Gladys Carrión, the commissioner of the city's Administration for Children's Services, has stepped down from the position, the Mayor's office announced on Monday. Carrión's resignation comes in the wake of multiple child abuse-related deaths.

"Gladys has spent four decades serving the public with excellence and an unparalleled commitment to the children and families of New York," Mayor de Blasio said in a statement. "Gladys’ leadership and reforms have ushered in a heightened level of accountability and performance at the Administration for Children’s Services."

De Blasio also said that "the search process is already underway" for Carrión's successor.

Carrión served as ACS commissioner for three years.

"I have struggled with this decision but have come to the conclusion that it is best for my well-being," she wrote in a letter to Mayor de Blasio, which was obtained by the Daily News. "After 40 years of working on behalf of children and families, it is time for me to retire." Her letter did not mention the recent abuse-related deaths of Zymere Perkins or Jaden Jordan.

A report released by the Department of Investigation in May alleged that ACS had consistently failed to investigate and report child abuse, hold foster care providers to a high standard, and maintain accurate records. The report also found that ACS often took more than a month to investigate child abuse allegations.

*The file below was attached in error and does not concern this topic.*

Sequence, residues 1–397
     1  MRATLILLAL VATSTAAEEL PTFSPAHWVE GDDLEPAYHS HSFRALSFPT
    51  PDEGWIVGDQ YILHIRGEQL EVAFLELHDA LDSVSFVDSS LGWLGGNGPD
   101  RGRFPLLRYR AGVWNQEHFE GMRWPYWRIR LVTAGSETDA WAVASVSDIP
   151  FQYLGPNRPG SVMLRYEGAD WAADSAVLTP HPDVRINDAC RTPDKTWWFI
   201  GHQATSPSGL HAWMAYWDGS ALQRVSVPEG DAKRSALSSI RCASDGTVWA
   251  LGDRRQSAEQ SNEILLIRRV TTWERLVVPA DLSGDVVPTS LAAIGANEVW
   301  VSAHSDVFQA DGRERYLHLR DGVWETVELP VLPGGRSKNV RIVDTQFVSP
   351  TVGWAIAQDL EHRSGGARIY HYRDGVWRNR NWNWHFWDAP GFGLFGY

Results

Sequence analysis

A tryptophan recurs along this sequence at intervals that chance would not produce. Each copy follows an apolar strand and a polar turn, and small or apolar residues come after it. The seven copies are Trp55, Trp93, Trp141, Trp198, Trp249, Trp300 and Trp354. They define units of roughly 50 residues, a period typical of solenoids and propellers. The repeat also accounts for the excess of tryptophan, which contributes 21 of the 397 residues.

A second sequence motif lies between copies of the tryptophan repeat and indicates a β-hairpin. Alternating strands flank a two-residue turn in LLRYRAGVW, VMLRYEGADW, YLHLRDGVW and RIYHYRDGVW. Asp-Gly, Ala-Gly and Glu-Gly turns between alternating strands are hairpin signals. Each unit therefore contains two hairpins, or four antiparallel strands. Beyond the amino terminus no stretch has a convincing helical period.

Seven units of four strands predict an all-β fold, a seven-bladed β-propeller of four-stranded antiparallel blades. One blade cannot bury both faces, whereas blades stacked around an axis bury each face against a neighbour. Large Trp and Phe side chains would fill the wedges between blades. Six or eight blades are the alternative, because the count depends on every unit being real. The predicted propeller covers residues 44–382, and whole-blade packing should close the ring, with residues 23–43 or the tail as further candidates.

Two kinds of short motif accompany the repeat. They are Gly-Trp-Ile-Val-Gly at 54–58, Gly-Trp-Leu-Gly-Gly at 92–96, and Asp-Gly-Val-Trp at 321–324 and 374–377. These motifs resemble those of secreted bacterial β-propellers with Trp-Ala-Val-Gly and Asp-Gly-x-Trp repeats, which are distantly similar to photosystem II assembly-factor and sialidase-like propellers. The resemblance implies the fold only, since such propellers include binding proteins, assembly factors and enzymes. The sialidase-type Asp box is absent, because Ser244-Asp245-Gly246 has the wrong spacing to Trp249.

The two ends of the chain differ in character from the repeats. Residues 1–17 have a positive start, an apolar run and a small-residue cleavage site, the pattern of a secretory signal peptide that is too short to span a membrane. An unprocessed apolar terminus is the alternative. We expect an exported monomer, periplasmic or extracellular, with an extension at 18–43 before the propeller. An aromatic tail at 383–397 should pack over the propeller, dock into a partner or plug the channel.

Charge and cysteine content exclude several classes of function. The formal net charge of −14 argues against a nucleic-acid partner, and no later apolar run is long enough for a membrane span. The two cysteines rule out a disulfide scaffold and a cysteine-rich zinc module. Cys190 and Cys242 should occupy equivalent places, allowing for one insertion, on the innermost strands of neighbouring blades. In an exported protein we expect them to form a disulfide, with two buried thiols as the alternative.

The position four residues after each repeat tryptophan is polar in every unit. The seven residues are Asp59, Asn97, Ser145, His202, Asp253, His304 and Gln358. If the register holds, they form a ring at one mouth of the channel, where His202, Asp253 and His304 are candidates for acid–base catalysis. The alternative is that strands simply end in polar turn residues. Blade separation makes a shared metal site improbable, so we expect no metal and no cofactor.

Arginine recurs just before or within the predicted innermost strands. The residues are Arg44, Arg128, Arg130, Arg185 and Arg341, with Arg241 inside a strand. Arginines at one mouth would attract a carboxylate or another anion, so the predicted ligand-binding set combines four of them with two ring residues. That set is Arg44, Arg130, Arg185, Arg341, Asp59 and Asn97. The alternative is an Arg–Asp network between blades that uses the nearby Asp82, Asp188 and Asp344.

In October, the agency came under fire again after the death of six-year-old Zymere Perkins, who died after being beaten with a broomstick. His mother, Geraldine Perkins, had five child abuse allegations on her record and the medical examiner said that the boy died of "fatal child abuse syndrome."

"Losing a child is unbearable," Carrión reportedly said during a council hearing regarding Perkins's death on October 31st. "It is my responsibility—one that I take seriously."

In the aftermath of Perkins's death, Mayor de Blasio announced that the agency would be reformed, and five ACS staffers were placed on administrative duty while Perkins's case was under investigation.

The Department of Investigation probed ACS again earlier this month after three-year-old Jordan was found badly beaten in Brooklyn. The toddler was beaten into a coma by his mother's boyfriend and died after being taken off life support.

"As Commissioner Carrión steps down, all of us must step up our push to reform the Administration for Children's Services," Public Advocate Letitia James said in a statement. "The mission to reform ACS is one we can't afford to fail. Our children's welfare depends on it."